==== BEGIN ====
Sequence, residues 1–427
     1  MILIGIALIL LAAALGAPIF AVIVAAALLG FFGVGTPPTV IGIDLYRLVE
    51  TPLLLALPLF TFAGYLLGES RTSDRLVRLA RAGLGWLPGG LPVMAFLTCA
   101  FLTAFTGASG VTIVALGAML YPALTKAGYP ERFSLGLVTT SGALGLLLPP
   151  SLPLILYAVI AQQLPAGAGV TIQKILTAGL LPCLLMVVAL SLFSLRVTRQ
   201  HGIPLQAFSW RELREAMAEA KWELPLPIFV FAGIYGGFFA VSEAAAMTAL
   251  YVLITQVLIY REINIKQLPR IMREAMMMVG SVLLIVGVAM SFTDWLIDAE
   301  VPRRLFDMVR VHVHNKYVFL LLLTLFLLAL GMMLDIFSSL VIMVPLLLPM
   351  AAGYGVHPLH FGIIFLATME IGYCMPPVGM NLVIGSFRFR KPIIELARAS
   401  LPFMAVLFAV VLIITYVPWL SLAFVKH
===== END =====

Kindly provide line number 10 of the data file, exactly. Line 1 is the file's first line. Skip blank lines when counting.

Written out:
   401  LPFMAVLFAV VLIITYVPWL SLAFVKH